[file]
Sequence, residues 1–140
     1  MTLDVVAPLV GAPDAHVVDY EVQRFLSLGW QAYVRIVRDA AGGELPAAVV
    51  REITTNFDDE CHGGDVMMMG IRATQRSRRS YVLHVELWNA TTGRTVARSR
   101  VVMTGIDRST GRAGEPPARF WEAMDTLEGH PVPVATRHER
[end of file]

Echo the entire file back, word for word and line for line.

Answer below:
Sequence, residues 1–140
     1  MTLDVVAPLV GAPDAHVVDY EVQRFLSLGW QAYVRIVRDA AGGELPAAVV
    51  REITTNFDDE CHGGDVMMMG IRATQRSRRS YVLHVELWNA TTGRTVARSR
   101  VVMTGIDRST GRAGEPPARF WEAMDTLEGH PVPVATRHER